Doctors are diagnosing children with attention deficit disorder at record rates, and New Hampshire is among the states with the greatest increase in diagnoses from 2008 to 2010, according to a nationwide study by Express Scripts, one of the largest pharmacy benefit management organizations in the country.
Of the 50 states, only Maine, Vermont and Indiana showed greater increases in ADD diagnoses, the study found.
According to the Express Scripts Drug Trend Report, presented last week at an international pharmaceutical conference, the South still leads the nation in percentage of children diagnosed and treated for attention deficit disorders at 11.8 percent, but the Northeast has the highest growth rate for diagnosis, treatment and total associated costs.
New Hampshire saw a 148 percent increase in ADD diagnoses and a 54 percent increase in medical and pharmacy costs for ADD patients. Maine, which topped the list, saw a 464 percent increase in ADD diagnoses.
Several states showed a decrease from 2008 to 2010, with Maryland cases declining by 67 percent and South Dakota by 63 percent. The survey is a continuation of research Express Scripts began last year, when it released data on 2008 and 2009.
ADD, diabetes increases
The drug trend forecast, based in part on prescription insurance claims by private and government sources, suggests that ADD and diabetes will be the only two conditions that will see significant increases in diagnoses and prescription spending over the next three years, according to the study author, Sharon Frazee.
Frazee is responsible for research on drug safety and affordability at Express Scripts, using the company's large database on claims and purchased data on diagnoses. In 2012, the company acquired rival Medco to become one of the largest pharmacy benefit managers in the U.S., with a 40 percent total market share when including mail-order customers.
Frazee said many factors could be contributing to New Hampshire's fourth-place ranking, including the small population. When translated to raw numbers, the 148 percent increase means the number of cases went from 921 in 2008 to 2,280 in 2010. Approximately 8.5 percent of children ages 4 to 17 are being diagnosed and treated, although not all treatments involve medication, she pointed out.
Two contributing factors
The New England region as a whole has two factors contributing to a higher number of ADD diagnoses, she said. The region is fairly affluent, with many children in nursery or pre-school where professionals are trained to identify the condition. And it is home to some of the premiere medical research hospitals and universities in the world.
"New England is often in the forefront of many things because there are so many excellent medical centers there. A lot of new findings and a lot of new guidelines tend to be implemented early in states in the New England area," she said.
One of those new guidelines, issued two years ago by the American Pediatrics Association, lowered the recommended age for ADD testing from 6 to 4.
The projected increase in spending on ADD treatment in the next three years also emerges from a broadening of the age group believed to be affected by the disorder.
"There is much more recognition of ADD as not just being a condition of young children," Frazee said. "So we are getting more older children and young adults, and even some not so young adults. ADD doesn't realize you turned 18 and suddenly it gets turned off."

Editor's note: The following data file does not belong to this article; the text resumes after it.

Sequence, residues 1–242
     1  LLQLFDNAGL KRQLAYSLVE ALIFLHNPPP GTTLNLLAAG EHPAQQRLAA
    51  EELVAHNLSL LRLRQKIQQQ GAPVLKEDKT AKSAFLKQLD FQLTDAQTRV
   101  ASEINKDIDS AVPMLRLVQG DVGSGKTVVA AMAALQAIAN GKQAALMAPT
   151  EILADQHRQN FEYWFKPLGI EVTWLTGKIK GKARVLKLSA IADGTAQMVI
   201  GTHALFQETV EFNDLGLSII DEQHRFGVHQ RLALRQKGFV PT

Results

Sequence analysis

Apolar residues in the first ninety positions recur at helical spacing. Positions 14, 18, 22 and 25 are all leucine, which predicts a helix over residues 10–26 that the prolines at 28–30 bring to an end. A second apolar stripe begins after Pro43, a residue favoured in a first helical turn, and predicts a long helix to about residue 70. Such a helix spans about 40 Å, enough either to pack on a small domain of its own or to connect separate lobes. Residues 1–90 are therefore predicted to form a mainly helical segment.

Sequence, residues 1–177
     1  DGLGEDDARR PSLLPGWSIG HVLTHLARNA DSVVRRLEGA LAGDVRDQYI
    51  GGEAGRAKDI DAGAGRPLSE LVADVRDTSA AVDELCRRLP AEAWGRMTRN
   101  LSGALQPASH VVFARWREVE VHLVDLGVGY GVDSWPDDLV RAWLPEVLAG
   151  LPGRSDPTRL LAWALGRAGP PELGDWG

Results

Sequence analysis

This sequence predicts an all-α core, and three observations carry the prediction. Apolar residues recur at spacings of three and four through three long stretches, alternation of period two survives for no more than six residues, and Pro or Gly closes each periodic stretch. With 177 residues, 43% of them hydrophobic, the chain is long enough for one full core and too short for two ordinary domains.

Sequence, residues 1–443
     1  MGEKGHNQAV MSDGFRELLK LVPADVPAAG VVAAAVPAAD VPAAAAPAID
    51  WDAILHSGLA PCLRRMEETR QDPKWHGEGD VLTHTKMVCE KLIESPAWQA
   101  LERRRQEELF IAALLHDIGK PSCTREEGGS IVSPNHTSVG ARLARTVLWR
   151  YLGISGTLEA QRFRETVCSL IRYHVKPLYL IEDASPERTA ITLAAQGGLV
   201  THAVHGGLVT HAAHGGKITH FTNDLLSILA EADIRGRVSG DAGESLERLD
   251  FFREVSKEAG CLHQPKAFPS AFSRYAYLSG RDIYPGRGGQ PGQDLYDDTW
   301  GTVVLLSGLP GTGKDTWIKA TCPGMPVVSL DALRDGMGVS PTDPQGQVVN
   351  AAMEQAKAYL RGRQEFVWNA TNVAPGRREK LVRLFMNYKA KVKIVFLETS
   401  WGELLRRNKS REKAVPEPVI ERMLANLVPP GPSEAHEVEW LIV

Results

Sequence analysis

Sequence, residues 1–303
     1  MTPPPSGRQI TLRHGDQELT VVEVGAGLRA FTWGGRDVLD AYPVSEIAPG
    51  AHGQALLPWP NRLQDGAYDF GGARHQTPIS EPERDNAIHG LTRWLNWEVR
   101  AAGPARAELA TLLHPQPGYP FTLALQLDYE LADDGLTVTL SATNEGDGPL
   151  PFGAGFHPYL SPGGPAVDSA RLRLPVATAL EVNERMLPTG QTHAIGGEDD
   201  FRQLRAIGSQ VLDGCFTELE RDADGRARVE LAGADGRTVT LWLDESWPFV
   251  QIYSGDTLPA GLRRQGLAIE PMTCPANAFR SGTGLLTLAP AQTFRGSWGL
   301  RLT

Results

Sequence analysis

The increased spending on the condition is not just a matter of concern for those affected. Everyone with health insurance, public or private, shares the cost.
In 2008, expenditures on ADD cost every insured resident of New Hampshire $52, while in 2010, that cost was up to $80 on a per-capita basis, according to the Express Scripts report.
"Despite the availability of generic equivalents for many ADD therapies, the data indicates that spending in the category will increase approximately 25 percent over the next three years, driven by increased use among adults and the geographic variation in diagnosis," the report states.
Ever since ADD emerged as a diagnosis in the 1970s, it has been controversial. Several calls to pediatricians and child psychologists in New Hampshire for comment on the Express Scripts finding went unanswered.
Allen Frances, M.D., former chair of the department of psychiatry at Duke University and now a blogger for Huffington Post, has been involved in several iterations of the Diagnostic and Statistical Manual of Mental Disorders (DSM) published by the American Psychiatric Association.
In a recent post, titled "Attention Deficit Disorder Is Over-Diagnosed and Over-Treated," he argues that the DSM definition of ADD has been continuously widened over the years.
"The epidemic started precisely when aggressive drug company marketing succeeded in 'educating' and sensitizing doctors, parents, and teachers to spot ADD in kids previously considered to be on the normal side of the spectrum's boundary," he wrote. "Extreme diagnostic exuberance surely picks up previously missed true cases who need medical attention, but it also captures many false positives who have been loosely diagnosed and unnecessarily treated."
He subscribes to the philosophy of Dutch psychologist Laura Batstra, whom he quoted: "A medical approach to ADD type behaviors is warranted only for the minority of kids who have really severe and persistent concentration problems and disruptive behaviors. Most kids respond to simpler methods and don't need an ADD diagnosis. Medical treatment should be offered as the last, not the first step — clearly necessary for those who really need it; but unnecessary and even harmful for those who don't."